Recent developments at the payment services market indicate that implementation of the payment facilitator model is a promising solution for many types of businesses. These include franchise owners, venture capital companies, online marketplaces, and others. In order to successfully implement the white-label or full-fledged PayFac model, a company needs to have market expertise and partnerships, as well as merchant solution that allows it to service a portfolio of multiple and, potentially, diverse sub-merchants.
Some companies have the technical solution but lack profound knowledge of the market and acquiring partnerships. Others can be considered market experts, but cannot afford the implementation of technical features to support sub-merchants’ lifecycle. So, what are the options for these companies?
VAR — more than an ISO, but less than a PayFac
Value-added reseller or VAR model was popular long before electronic payments emerged. You might remember a story about a guy who became rich buying apples, washing them, and reselling them at a slightly higher price. The same approach applies to IT industry and electronic payment industry as well. If you are not just reselling merchant accounts, issued by acquirers (like ordinary ISO does), but adding consulting services, fraud prevention, chargeback disputing, or some other useful functionality, you are a VAR. At the payment services market, VAR model emerged simultaneously with PayFac model, and it is still quite popular.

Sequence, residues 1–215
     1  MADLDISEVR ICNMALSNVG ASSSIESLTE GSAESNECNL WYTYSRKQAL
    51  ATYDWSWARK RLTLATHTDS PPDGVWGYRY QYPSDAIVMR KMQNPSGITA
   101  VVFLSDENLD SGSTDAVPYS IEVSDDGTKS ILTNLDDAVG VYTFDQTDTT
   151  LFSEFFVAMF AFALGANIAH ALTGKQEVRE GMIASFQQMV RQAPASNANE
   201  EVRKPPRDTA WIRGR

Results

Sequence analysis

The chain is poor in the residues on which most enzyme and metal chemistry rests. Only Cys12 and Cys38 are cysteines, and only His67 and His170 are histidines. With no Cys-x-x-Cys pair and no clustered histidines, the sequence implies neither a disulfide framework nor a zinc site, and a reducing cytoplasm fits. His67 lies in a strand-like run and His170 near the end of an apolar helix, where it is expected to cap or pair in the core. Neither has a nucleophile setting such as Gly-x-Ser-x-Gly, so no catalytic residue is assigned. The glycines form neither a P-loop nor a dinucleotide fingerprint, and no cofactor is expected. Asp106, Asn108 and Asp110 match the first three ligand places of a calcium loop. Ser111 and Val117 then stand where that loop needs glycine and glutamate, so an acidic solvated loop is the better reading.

ISV — the “technical part” of a payment facilitator
An independent software vendor (ISV) is a company that provides technical solutions, allowing other companies to automate payment experience for their respective customers. An ISV is, surely, a payment software expert, but not necessarily a market expert. If it finds a beneficial acquiring partner to underwrite it as a PayFac, it can become one. In this case those who accept electronic payments using its software will become its sub-merchants. More responsibilities will bring more profits.
It is tough for a traditional ISO to keep up with the newly emerging market requirements. The options recommended by experts are as follows.
- Next-generation ISO. An ordinary ISO is a “master reseller” of merchant accounts. A next-generation ISO is also a provider of an original technical solution for merchants from its portfolio.
- Wholesale ISO. A wholesale ISO is a large entity that provides merchant services to multiple customers for a fee. Due to large size and diverse nature of its customer base, it can maintain its profits. A high-risk merchant might choose wholesale ISO as an optimal partnership because of chargeback rate loopholes the model provides.
- Merchant services consultancy. Any ISO needs to know the market and its key players. This knowledge is worth a lot, so if you not planning to become a PayFac yet, then why not try to become a merchant consultant? Merchants and software companies will be happy to pay for your expertise.
Payment facilitator model is a very lucrative one, but it is not always easy to implement. So, if you are reluctant or unready to become a PayFac, you can stick to VAR, ISV, or some modified ISO model. Feel free to contact our payment specialists at unipaygateway.com to define which model is best for your business case.